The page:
Sale: 520 / Evening Sale, June 18. 2021 in Munich Lot 379

 
379
Heinrich Campendonk
Der Reiter II, 1919.
Watercolor and gouache on firm paper, originall...
Estimate:
€ 100,000 / $ 120,000
Sold:
€ 112,500 / $ 135.000

(incl. 25% surcharge)
Lot description
Der Reiter II. 1919.
Watercolor and gouache on firm paper, originally laminated on board.
Firmenich 813 A. Monogrammed "C." and dated "Febr. 19" in lower right. Verso with hand-written title "Reiter II", as well as with the inscriptions "47" and "X 1919". 35.5 x 39 cm (13.9 x 15.3 in). Backing board: 41,5 x 47,8 cm (16,3 x 18,8 in).
[JS].
• From the artist's best creative period.
• As a consequence of the emancipation from the "Blauer Reiter", the artist created masterfully light-permeated compositions living in isolation on Lake Starnberg.
• Exceptional contemporary document addressing the loss of World War I in strong colors and great expressionistic manner.
• Exhibited at Galerie Alfred Flechtheim, Düsseldorf, as early as in 1920, and in 2019 part of the exhibition "Magic Realism" at Tate Modern, London
.

PROVENANCE: Galerie Alfred Flechtheim, Düsseldorf (around 1920, with crossed-out label on the backing board and with the hand-written registration number "2431").
Zinglers Kabinett, Frankfurt a. M. (before 1926, with the label on the backing board, there with hand-written title and inscription).
Galerie Gerd Rosen, Berlin.
Private collection North Rhine-Westphalia (since 1953, presumably acquired from aforementioned – until 2007).
Private collection Europe (in 2007 presumably acquired from aforementioned through Galerie Utermann, Dortmund).

EXHIBITION: Heinrich Campendonk. From Whitsun until June 12, 1920. Galerie Flechtheim, Düsseldorf, 1920, cat. no. 47 (with catalog number on the reverse, mentioned as oil painting in the catalog)
Magic Realism, Art in Weimar Germany 1919–33, Tate Modern, London, July 30, 2018 – July 14, 2019 (with the label on the frame).

LITERATURE: Georg Biermann, Heinrich Campendonk, in: Junge Kunst, vol. 17, Leipzig 1921 (with black-and-white illu.).

Essay
Heinrich Campendonk, born in Krefeld in 1889, was one of the young talents of the "Blaue Reiter". In October 1911 the 21-year-old Campendonk traveled to Munich at the invitation of Franz Marc, where he and Helmuth Macke met the central driving forces of the association, Wassily Kandinsky, his partner Gabriele Münter and August Macke, for the first time. The group took a first picture together on the balcony of Kandinsky's city apartment, before Campendonk continued his journey to the idyllic village of Sindelsdorf, where Franz and Maria Marc, August, Elisabeth and Helmuth Macke lived and worked at that time. In Sindelsdorf Campendonk shared an apartment and a studio with Helmuth Macke. Kandinsky and Münter lived a few kilometers away in Murnau. Inspired by his older artist friends Campendonk began to make first works in reverse glass painting, a common technique in Bavarian folk art. Campendonk finally took part in the first two exhibitions of the legendary artists' association "Blauer Reiter" in 1911 and 1912, and in 1912 he also became a member of the group. The beginning of the First World War, however, divided the members of the "Blauer Reiter" who, like Franz Marc and August and Helmuth Macke, would soon volunteer for service, while the Russian native Kandinsky had to leave Germany. The fact that Campendonk refused to do military service and was discharged due to illness shortly after recruitment in the spring of 1915 made for a controversy. When, after August Macke (killed in 1914), Campendonk's former artistic patron and friend Franz Marc died at Verdun in March 1916, Campendonk was shattered. He then moved to a farmhouse in Seeshaupt on Lake Starnberg, where he lived in seclusion trying to suppress the horrors of war. In this remoteness he was able to decisively emancipate himself from the style of the "Blaue Reiter" and found his own subtle visual language. Once again he worked up inspirations from Bavarian votive pictures and from 1918 on created spaces of light in his watercolors and paintings that seemed to corresponded to his extremely sensitive perceptual ability. The central subject of his work is the human being, surrounded by stylized animals, plants and abstract forms. But it is anything but an idyllic togetherness, rather a lack of relationship and isolation with which the expressionist artist and avowed and fervent European always expresses an invisible, latent threat, indirectly addressing the horrors of war. Campendonk's luminous watercolor "Der Reiter II", which was created a year after the end of the war, is certainly based on Kandinsky's famous cover design for the almanac "Der Blaue Reiter", as well as on his depictions of St. George, the much-celebrated Christian slayer of dragonms and evil, in the manner of Alpine reverse glass painting. But Campendonk does not show us a victorious Christian knight in 1919. His rider's lance is broken and evil evades any clear personification, it rather appears to be omnipresent. His rider returning home is marked by war and defeat, even though he leaves darkness behind him he immediately moves towards a new darkness. It is by no means unlikely that Campendonk could have indirectly addressed the new, ubiquitous threat posed by the Spanish flu. [JS]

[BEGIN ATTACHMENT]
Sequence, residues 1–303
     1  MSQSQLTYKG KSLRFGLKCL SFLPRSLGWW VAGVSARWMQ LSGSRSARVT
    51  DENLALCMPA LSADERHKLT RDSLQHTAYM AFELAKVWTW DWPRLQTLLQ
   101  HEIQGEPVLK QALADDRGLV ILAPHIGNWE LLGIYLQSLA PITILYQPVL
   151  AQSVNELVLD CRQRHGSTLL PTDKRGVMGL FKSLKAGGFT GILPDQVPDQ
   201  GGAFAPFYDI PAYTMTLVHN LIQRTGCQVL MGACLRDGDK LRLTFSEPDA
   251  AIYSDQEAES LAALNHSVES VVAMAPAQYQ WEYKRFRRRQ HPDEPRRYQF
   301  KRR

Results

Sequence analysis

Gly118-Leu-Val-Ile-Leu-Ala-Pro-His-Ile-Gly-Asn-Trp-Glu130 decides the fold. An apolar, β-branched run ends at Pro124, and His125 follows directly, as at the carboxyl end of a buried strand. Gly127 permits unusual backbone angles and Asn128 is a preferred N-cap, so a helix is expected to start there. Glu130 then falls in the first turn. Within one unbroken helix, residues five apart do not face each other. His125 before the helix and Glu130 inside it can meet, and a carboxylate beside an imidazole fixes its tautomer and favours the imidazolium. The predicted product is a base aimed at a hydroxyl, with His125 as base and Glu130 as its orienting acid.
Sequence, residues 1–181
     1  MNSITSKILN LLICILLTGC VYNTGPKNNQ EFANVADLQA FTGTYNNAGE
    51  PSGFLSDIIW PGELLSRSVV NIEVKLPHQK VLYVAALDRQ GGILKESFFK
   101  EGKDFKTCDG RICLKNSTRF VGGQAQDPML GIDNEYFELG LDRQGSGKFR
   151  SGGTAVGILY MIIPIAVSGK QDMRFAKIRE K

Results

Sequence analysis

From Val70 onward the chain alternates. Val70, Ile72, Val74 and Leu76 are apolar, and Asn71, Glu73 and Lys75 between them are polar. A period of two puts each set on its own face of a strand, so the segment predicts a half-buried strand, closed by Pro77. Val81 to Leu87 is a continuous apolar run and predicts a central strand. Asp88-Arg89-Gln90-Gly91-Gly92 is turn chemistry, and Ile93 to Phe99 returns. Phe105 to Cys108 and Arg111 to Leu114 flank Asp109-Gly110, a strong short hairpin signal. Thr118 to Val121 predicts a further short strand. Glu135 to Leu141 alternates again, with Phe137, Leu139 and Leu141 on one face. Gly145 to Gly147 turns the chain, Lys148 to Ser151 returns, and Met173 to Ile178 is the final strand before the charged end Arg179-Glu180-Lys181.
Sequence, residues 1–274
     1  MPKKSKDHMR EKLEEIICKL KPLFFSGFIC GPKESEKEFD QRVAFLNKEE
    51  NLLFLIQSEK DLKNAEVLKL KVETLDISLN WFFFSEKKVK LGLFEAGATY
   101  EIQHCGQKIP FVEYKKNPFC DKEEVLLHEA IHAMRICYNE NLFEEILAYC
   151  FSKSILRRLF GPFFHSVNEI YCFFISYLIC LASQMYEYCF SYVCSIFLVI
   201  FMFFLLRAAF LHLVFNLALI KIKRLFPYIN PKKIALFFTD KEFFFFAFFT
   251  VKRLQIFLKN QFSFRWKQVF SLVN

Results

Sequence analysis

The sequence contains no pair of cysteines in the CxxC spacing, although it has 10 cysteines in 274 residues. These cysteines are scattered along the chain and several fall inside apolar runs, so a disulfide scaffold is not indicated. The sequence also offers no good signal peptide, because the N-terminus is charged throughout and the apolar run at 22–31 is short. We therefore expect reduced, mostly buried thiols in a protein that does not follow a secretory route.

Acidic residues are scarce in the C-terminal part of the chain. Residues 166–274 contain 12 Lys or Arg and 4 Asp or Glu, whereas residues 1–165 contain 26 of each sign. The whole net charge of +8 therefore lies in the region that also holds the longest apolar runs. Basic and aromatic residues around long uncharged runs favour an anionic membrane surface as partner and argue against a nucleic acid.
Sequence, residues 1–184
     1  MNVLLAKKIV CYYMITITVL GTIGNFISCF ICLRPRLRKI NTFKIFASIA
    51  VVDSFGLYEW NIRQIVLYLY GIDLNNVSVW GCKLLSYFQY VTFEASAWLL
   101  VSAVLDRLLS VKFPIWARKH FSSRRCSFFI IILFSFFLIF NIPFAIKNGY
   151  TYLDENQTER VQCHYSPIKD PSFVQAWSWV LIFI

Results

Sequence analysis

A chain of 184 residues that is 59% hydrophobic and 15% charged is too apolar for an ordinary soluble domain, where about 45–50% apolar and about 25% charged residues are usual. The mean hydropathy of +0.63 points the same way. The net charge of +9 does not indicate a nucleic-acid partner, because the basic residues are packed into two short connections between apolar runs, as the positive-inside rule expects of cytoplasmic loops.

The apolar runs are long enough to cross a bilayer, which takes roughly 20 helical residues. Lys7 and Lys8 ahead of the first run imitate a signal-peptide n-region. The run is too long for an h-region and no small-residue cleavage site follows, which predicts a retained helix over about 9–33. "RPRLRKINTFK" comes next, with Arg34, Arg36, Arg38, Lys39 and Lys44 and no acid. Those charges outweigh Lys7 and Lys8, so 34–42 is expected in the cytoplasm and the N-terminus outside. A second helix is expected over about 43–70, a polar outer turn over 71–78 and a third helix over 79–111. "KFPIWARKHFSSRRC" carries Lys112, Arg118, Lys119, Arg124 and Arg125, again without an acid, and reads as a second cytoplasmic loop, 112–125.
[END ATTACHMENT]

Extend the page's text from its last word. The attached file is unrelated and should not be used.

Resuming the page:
379
Heinrich Campendonk
Der Reiter II, 1919.
Watercolor and gouache on firm paper, originall...
Estimate:
€ 100,000 / $ 120,000
Sold:
€ 112,500 / $ 135.000

(incl. 25% surcharge)